In the current era of covid mask-wearing to most Japanese is very common and so this practice is nothing new to Japanese society.

Essential Things to Consider on the Day of Your Business Meeting in Japan

Prepare your presentation.

How you introduce your organization is another critical component of your presentation. Japan is mostly a paper-based work culture. 

Invest some time and money into the Japanese translation of your project, as selling a concept in the local language of individuals you wish to consider is always simpler.

Prepare to arrive 10 minutes early.

Being on time in Japan equates to being late. As a result, it’s critical to arrive a few minutes early for each business meeting. 

Be prepared with transportation to your meeting beforehand.

Ensure you know your meeting location before you leave, especially if your appointment is during peak times, as you could have to deal with crowded trains during rush hour.

If you opt to take a taxi, make sure you have the address printed in Japanese, as an English-speaking driver may not be available.

Is Facebook the next LinkedIn in Japan?

Since LinkedIn is not extensively utilized in Japan, you may be asked to connect using Facebook. However, modify the privacy settings on any personal information to avoid humiliation if you begin receiving friend requests.

Addressing People Correctly in Japanese

In Japan, you should address individuals by their last name followed by san, as in Kimura-san. Alternatively, you might use the suffix sama, which expresses a high degree of respect.

When Working with a Team, Plan your Roles Ahead of Time.

If you’re working as a team that will all, be attending the business meeting, ensure you specify all duties ahead of time. Avoid conversations or responses that could indicate even minor disputes or divergent points of view. 

Everyone designated as a speaker by the team should be the only one who approaches topics and be able to be extremely clear and exact about their role.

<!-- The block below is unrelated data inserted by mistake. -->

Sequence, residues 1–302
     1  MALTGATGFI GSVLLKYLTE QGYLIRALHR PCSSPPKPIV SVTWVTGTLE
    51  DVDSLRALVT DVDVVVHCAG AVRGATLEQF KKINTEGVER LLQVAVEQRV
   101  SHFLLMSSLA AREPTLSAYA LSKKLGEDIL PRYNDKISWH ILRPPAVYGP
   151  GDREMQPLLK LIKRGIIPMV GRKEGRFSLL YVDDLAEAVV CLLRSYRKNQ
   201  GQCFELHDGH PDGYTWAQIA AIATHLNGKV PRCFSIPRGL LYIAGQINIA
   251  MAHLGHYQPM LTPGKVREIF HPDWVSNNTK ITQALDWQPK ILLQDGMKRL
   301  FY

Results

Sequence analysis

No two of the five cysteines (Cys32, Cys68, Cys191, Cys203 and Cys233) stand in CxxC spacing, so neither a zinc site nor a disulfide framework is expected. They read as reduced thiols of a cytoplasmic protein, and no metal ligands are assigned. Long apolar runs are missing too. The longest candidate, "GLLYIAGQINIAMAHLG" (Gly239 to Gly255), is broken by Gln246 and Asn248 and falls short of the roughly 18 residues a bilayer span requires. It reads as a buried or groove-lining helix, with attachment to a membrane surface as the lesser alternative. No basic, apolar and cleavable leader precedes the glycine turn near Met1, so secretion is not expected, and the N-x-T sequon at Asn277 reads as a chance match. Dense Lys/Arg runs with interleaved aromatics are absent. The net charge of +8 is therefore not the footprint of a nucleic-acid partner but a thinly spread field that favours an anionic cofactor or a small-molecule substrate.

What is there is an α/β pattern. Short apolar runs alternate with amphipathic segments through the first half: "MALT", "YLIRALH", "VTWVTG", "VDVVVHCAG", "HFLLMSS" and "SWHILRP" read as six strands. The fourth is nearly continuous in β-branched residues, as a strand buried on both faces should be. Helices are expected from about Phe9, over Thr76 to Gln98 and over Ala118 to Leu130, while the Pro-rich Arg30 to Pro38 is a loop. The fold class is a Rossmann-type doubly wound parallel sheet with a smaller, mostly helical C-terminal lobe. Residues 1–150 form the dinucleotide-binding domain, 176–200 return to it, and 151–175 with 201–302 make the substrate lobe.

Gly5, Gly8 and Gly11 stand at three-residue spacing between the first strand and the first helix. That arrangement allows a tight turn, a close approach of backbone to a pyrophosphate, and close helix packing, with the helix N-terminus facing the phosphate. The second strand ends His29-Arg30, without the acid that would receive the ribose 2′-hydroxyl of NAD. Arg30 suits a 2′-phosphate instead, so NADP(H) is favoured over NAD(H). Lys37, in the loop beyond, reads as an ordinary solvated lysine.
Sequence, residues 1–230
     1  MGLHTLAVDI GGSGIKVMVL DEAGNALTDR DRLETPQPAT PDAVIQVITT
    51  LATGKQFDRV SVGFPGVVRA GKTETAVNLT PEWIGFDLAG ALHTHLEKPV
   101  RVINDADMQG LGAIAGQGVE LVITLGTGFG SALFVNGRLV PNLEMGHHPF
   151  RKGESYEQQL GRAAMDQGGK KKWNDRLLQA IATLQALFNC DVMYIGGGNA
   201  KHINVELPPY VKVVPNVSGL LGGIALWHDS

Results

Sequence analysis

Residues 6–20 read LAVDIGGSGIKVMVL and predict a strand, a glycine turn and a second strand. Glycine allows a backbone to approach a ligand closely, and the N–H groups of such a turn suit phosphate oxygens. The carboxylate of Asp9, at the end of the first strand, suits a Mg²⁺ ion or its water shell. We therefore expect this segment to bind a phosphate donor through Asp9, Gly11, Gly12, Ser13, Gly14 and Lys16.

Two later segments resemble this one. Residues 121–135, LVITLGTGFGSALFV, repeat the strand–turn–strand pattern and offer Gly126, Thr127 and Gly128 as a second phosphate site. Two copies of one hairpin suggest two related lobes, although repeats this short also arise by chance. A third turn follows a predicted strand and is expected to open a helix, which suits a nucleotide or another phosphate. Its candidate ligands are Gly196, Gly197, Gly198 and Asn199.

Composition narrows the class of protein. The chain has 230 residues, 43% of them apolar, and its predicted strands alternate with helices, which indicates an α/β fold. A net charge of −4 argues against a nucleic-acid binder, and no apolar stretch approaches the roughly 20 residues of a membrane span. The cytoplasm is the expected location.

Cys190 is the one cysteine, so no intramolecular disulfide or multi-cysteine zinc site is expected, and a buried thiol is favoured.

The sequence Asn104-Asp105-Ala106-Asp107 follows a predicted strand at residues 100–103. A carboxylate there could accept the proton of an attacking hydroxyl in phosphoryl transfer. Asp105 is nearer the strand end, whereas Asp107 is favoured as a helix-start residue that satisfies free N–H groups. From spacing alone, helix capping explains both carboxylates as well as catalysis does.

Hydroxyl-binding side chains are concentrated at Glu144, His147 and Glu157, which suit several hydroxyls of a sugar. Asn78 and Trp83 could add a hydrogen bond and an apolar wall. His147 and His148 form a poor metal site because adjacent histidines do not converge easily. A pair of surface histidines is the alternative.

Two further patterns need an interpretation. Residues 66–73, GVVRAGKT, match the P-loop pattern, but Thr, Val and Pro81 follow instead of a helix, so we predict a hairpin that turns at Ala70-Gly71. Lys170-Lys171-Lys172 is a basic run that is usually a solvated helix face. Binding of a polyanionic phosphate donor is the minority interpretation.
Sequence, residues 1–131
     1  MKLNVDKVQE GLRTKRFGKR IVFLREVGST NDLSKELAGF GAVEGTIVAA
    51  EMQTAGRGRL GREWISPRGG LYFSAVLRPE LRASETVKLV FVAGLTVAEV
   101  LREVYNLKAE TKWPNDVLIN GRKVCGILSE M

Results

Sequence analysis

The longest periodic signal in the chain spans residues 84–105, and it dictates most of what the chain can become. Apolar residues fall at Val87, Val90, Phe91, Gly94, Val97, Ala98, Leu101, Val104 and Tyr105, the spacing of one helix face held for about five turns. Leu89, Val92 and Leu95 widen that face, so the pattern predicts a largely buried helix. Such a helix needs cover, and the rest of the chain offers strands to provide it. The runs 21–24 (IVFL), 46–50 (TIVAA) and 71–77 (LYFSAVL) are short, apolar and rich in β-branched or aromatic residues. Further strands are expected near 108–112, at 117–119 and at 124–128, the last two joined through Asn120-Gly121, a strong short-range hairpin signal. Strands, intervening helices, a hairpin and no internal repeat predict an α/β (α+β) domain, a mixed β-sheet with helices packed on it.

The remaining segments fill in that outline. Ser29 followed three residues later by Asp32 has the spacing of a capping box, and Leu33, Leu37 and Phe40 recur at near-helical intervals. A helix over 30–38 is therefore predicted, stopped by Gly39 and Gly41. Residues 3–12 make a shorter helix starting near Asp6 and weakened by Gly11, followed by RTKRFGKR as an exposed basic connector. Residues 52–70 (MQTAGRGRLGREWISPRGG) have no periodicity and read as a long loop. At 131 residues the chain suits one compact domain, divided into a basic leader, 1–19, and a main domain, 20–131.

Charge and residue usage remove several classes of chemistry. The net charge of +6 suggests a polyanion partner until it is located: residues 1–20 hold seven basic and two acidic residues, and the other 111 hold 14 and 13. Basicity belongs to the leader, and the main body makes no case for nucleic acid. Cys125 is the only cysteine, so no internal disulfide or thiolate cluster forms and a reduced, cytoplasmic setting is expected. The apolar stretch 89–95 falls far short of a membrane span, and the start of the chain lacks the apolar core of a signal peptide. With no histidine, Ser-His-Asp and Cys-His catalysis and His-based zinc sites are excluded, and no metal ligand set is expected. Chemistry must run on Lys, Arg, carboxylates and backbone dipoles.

Your Pitch’s Timing is Essential.

It may be helpful to have a few terms or concepts previously translated into Japanese to ensure you don’t waste too much time attempting to explain your pitch.

Any visual depiction of your pitch will also make a positive impression, explain things, and save time.

Trim Down your Presentation to Ensure it does not get Lost in Translation.

Always include the time required for translations, interpretations, additional explanations, and inquiries. If your meeting is scheduled to run an hour, think about how you can cut it in half if you discover that interpretation is taking longer than expected.

The Importance of Group Solidarity in Japan cannot be Overstated.

While we highly emphasize individual accomplishments and believe firmly in personal acknowledgment and appreciation, Japan is the opposite.

Isolating one person in the group for praise will cause embarrassment. Remember that the Japanese value teamwork and aim to provide credit to the entire team.

Things to Consider Once your Business Meeting in Japan is Over

Remember, when the meeting is over, the actual work starts.

When a conference in Japan ends, the meeting continues. Businessmen and women in Japan use this method of connecting with a person rather than a business partner.

Discussions can continue in local izakaya (bars) or restaurants where food and drink are abundant.

Get some karaoke practice.

Karaoke is one of Japan’s favorite hobbies after dinner and drinks. Even if you’re nervous on stage, remember that it’s all about unwinding and uniting with your fellow performers and potential business associates. 

Follow up.

It’s always good to send a follow-up message to your potential business partners you met the previous day. This message can be professional.

However, it is advised to focus on the time spent together. Thank them for their time and for paying attention to your proposal.

Remember that privacy is valued.

 In Japan, privacy is essential. Remember that while following up on business ideas is essential, it’s not a good idea to upset a possible future partner repeatedly.

Set aside some time for yourself to enjoy your trip.

Once all your business meetings are complete, don’t forget to take some time to unwind and take in the sights of Japan. 

You will undoubtedly be provided with a greater understanding of the people, the nation, and the country’s business procedures.


My fascination with Japan began several years back at a roadside bonsai stand while on vacation. I became more interested in the where and why's more than the trees themselves. My love of Bonsai led me to further research my interest in the gardens where they originated from and the places and people that surrounded those little trees. My curiosity was well rewarded upon visiting Saitama where the National Bonsai Museum was located and Omiya Village the bonsai mecca for lovers of this ancient art form. Exploring many towns and villages and even making my way to Japan's furthest southern prefecture of Okinawa. I hope to share my love of this wonderful and exotic place with all those who want to know more about Japan.